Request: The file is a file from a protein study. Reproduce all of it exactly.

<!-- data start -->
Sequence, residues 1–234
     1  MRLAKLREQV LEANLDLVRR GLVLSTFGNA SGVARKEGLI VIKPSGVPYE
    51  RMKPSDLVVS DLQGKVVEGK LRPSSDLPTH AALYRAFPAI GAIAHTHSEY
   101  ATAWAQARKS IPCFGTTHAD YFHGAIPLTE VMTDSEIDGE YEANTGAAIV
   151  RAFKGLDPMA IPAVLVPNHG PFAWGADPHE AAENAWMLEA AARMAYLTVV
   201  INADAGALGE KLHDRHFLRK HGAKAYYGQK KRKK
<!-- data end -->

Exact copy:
Sequence, residues 1–234
     1  MRLAKLREQV LEANLDLVRR GLVLSTFGNA SGVARKEGLI VIKPSGVPYE
    51  RMKPSDLVVS DLQGKVVEGK LRPSSDLPTH AALYRAFPAI GAIAHTHSEY
   101  ATAWAQARKS IPCFGTTHAD YFHGAIPLTE VMTDSEIDGE YEANTGAAIV
   151  RAFKGLDPMA IPAVLVPNHG PFAWGADPHE AAENAWMLEA AARMAYLTVV
   201  INADAGALGE KLHDRHFLRK HGAKAYYGQK KRKK